MAÓ 927



In May 2012, Sigmarsson was watching a report on the evening news about the Association of Icelandic Ports and its intention to refurbish the Reykjavík Harbor. Apparently, much of the jetty was to be removed and discarded. It occurred to him then that the wood might be recycled and used to make furniture. And this was the beginning of a brand new idea.

In autumn, a group headed by Sigmarsson obtained permission to take the wood being thrown away by the Reykjavík Harbor. He then began to dry and plane it in preparation for the project. He soon discovered that much of the material was perfect for what he had in mind, i.e. stylish handmade furniture. Aside from being environmentally friendly, this recycling was also a kind of resurrection. Way back in 1903, the very same material was used to construct a dock for the herring fleet, which later became a part of the Reykjavik Harbor that was constructed between 1913 and 1917. Closer examination revealed that the some of the wood originally came from a German schooner that sank off the south coast of Iceland in 1890. The vessel was brought to Reykjavik and disassembled for scrap. Fascinatingly, research indicated that that the trees may have been more than 200 years old when they were first used for shipbuilding.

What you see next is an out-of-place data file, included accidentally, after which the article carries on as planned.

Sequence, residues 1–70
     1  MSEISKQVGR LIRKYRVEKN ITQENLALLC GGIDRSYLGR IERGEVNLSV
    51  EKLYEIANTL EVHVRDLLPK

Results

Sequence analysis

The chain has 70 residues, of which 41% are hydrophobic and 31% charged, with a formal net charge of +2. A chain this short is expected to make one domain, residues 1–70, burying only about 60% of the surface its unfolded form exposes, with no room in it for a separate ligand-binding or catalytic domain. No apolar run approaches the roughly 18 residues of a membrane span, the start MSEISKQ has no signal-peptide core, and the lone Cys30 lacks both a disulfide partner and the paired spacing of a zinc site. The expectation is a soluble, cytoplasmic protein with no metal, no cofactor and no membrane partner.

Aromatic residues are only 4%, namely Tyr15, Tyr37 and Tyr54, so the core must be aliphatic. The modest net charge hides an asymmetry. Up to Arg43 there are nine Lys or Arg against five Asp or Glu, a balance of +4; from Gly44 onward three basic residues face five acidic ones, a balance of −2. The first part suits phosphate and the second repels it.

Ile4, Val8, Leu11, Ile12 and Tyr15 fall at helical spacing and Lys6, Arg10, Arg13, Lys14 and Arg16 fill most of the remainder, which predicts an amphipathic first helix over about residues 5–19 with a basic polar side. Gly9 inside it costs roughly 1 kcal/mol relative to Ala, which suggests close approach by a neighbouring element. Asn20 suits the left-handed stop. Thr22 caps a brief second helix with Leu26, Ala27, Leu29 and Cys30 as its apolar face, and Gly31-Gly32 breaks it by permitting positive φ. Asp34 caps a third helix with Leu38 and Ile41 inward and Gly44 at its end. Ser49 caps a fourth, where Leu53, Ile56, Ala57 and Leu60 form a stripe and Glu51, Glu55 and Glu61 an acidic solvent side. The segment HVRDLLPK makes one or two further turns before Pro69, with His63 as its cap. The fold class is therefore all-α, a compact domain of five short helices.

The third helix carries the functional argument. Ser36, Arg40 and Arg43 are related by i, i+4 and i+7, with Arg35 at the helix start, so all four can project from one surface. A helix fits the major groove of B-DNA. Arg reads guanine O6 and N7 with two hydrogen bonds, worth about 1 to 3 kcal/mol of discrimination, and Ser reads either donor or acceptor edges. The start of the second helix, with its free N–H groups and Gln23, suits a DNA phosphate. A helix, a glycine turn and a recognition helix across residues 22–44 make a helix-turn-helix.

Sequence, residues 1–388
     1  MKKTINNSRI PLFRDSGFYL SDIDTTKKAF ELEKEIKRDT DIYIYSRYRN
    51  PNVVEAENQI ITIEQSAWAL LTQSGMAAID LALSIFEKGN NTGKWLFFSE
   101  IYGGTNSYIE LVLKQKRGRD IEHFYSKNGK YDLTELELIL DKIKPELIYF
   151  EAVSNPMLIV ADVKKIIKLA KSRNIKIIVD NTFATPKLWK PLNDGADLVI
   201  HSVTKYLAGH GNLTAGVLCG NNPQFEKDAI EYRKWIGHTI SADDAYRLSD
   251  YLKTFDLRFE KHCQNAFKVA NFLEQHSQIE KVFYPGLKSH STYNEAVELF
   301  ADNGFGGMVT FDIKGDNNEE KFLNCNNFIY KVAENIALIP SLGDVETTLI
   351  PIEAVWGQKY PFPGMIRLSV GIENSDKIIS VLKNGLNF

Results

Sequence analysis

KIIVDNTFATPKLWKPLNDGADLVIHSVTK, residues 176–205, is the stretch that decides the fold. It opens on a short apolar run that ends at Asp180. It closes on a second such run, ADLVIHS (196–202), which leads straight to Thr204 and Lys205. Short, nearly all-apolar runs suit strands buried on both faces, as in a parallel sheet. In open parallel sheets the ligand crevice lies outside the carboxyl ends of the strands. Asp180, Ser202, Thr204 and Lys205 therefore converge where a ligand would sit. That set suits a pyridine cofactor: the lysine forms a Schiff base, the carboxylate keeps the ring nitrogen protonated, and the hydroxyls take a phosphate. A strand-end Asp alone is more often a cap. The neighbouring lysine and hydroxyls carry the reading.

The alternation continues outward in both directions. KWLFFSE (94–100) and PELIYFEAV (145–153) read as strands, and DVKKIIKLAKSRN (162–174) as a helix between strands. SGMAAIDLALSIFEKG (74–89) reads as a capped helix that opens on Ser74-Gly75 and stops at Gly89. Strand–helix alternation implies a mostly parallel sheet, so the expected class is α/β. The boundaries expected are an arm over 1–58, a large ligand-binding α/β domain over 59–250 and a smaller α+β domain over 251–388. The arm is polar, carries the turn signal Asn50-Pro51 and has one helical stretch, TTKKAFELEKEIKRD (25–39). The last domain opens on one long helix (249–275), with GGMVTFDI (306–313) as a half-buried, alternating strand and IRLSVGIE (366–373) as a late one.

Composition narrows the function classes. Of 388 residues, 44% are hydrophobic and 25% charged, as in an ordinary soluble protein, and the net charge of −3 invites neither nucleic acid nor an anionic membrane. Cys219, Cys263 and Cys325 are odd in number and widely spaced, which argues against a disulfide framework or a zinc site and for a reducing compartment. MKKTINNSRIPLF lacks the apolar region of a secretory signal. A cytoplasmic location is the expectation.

The wood is pine, which can live anywhere from 100 to 1000 years. The oldest preserved pinewood dates back nearly five thousand years. The Romans commonly used pine and other conifer wood to build many of their houses.

The recycled wood from the harbor gives the furniture a characteristic look and holds part of Reykjavík’s history at the same time.